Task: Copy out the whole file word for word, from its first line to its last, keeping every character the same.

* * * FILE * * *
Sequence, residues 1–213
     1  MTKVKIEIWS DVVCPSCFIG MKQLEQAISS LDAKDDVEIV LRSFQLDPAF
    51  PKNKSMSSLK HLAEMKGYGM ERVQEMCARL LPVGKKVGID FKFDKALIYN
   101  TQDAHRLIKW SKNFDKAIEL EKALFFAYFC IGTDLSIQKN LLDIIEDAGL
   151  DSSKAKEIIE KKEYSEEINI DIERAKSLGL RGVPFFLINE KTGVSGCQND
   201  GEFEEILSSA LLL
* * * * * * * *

Sequence, residues 1–213
     1  MTKVKIEIWS DVVCPSCFIG MKQLEQAISS LDAKDDVEIV LRSFQLDPAF
    51  PKNKSMSSLK HLAEMKGYGM ERVQEMCARL LPVGKKVGID FKFDKALIYN
   101  TQDAHRLIKW SKNFDKAIEL EKALFFAYFC IGTDLSIQKN LLDIIEDAGL
   151  DSSKAKEIIE KKEYSEEINI DIERAKSLGL RGVPFFLINE KTGVSGCQND
   201  GEFEEILSSA LLL